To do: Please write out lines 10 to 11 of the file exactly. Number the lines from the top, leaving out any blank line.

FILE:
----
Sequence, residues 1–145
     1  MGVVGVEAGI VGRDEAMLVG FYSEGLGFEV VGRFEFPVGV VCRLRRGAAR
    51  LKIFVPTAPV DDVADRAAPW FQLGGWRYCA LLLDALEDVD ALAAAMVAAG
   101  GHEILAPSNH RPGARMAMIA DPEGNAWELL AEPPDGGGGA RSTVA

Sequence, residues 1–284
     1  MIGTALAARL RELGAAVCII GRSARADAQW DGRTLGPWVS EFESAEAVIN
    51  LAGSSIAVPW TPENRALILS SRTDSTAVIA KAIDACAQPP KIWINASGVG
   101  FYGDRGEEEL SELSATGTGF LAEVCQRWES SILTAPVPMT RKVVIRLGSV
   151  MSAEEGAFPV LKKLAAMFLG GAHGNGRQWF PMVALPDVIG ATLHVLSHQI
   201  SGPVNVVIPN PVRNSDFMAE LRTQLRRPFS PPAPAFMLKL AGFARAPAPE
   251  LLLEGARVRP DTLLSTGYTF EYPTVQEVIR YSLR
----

   201  SGPVNVVIPN PVRNSDFMAE LRTQLRRPFS PPAPAFMLKL AGFARAPAPE
   251  LLLEGARVRP DTLLSTGYTF EYPTVQEVIR YSLR